• extend the good character requirement to include applicants under 18 years of age
  • include the bar on approval for criminal offences in all citizenship streams
  • include reference to contemporary sentencing practices in the bar on approval for criminal offences
  • enable the Minister to cancel approval of citizenship by conferral prior to the Pledge of Commitment if the Minister is satisfied that the applicant is no longer eligible
  • allow the Minister to defer the applicant taking the Pledge of Commitment for up to two years and align the grounds for deferral with the grounds for cancellation of approval
  • require those who automatically acquire citizenship on adoption in Australia to have commenced the adoption process before turning 18 years of age
  • require a standardised 12 month waiting period for resumption of citizenship
  • clarify the residence requirements by specifying when the four year lawful period commences and that the 12 month period as a permanent resident must be continuous
  • clarify who is covered by the partner discretion in the residence requirement and insert a minimum physical presence requirement for those claiming the partner discretion for absences from Australia
  • provide the power to make a legislative instrument setting out when a period of unlawful presence may be treated as lawful presence
  • put beyond doubt that children born in Australia to parents with diplomatic and other privileges and immunities are not eligible for Australian citizenship
  • provide a discretion to revoke citizenship by descent in place of the current operation of law provision
  • limit automatic acquisition of citizenship at ten years of age to those persons who have maintained lawful residence in Australia throughout the ten years
  • clarify the provision giving citizenship to a child found abandoned in Australia
  • make holders of prescribed visas eligible for citizenship by conferral before entering Australia
  • enable use and disclosure of personal information collected about a client under the Migration Act to be used for the purposes of the Citizenship Act and vice versa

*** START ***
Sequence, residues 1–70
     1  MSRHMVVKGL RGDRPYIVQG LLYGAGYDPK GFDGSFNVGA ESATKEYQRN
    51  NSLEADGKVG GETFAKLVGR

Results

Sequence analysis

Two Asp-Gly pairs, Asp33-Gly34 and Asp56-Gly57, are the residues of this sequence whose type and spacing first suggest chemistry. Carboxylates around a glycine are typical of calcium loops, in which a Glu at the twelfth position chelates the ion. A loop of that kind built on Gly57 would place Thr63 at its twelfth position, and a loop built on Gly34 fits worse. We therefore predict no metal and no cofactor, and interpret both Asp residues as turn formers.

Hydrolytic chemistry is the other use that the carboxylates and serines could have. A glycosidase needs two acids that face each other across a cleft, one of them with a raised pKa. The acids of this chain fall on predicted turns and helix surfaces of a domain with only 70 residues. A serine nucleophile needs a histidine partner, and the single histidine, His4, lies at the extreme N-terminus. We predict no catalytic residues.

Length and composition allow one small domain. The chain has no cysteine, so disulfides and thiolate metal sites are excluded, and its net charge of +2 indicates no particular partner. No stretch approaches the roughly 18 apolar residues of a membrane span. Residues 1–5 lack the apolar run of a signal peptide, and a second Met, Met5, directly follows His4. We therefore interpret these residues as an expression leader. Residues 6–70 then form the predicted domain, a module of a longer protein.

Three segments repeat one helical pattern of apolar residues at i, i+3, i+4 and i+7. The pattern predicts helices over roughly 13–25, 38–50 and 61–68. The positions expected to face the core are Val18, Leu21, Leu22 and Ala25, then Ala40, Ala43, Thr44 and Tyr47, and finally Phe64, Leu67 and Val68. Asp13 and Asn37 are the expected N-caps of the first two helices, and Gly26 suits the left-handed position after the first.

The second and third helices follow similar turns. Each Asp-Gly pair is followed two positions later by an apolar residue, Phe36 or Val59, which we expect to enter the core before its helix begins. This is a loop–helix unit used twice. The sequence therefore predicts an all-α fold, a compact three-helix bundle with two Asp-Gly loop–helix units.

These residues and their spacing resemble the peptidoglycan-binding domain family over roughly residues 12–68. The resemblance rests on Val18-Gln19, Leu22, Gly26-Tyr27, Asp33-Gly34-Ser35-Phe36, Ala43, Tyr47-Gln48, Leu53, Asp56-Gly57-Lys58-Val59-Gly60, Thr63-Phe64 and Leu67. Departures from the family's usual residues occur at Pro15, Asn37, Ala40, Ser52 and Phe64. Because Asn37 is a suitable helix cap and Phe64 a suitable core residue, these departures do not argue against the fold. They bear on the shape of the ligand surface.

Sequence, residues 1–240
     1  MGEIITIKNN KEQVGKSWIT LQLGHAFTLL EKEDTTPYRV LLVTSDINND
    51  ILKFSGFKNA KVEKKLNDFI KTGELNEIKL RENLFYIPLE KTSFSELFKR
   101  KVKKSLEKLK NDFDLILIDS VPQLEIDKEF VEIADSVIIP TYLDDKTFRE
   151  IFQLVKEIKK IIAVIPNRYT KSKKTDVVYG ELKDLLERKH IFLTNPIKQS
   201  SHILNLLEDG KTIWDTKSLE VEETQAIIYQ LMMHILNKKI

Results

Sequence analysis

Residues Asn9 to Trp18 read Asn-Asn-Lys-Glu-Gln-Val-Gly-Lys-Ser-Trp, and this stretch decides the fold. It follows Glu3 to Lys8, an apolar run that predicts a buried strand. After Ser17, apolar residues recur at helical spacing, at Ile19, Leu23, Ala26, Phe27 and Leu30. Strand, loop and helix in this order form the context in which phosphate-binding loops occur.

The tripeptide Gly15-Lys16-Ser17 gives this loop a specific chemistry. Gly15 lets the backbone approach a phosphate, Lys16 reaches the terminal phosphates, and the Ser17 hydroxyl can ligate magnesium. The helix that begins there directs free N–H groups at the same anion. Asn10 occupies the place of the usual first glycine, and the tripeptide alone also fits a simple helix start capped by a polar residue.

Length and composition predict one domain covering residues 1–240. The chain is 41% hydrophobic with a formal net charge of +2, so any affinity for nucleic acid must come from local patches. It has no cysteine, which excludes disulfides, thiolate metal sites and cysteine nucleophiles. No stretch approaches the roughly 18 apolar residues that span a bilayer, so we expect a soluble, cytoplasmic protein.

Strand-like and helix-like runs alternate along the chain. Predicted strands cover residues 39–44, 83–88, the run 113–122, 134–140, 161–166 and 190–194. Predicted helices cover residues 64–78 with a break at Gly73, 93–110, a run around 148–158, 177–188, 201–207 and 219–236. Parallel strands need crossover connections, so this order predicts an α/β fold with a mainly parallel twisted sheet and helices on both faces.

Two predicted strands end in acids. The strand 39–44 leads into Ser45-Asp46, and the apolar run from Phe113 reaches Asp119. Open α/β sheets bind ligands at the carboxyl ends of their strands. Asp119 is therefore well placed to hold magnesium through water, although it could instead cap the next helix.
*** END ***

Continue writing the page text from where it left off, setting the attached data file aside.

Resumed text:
• provide that personal decisions made by the Minister, taken in the public interest, are not subject to merits review
  • provide the Minister with the power to set aside decisions of the Administrative Appeals Tribunal (AAT) concerning character and identity if it would be in the public interest to do so
  • align access to merits review for conferral applicants under 18 years of age with citizenship eligibility requirements and
  • provide that the Australian Citizenship Regulations 2007 (the Citizenship Regulations) may confer on the Minister the power to make legislative instruments.
absent Yes (strong) Passed by a small majority

How "voted moderately for" is worked out

The MP's votes count towards a weighted average where the most important votes get 50 points, less important votes get 10 points, and less important votes for which the MP was absent get 2 points. In important votes the MP gets awarded the full 50 points for voting the same as the policy, 0 points for voting against the policy, and 25 points for not voting. In less important votes, the MP gets 10 points for voting with the policy, 0 points for voting against, and 1 (out of 2) if absent.

Then, the number gets converted to a simple english language phrase based on the range of values it's within.

No of votes Points Out of
Most important votes (50 points)      
MP voted with policy 2 100 100
MP voted against policy 0 0 0
MP absent 1 25 50
Less important votes (10 points)      
MP voted with policy 0 0 0
MP voted against policy 0 0 0
Less important absentees (2 points)      
MP absent* 0 0 0
Total: 125 150

*Pressure of other work means MPs or Senators are not always available to vote – it does not always indicate they have abstained. Therefore, being absent on a less important vote makes a disproportionatly small difference.

Agreement score = MP's points / total points = 125 / 150 = 83%.

And then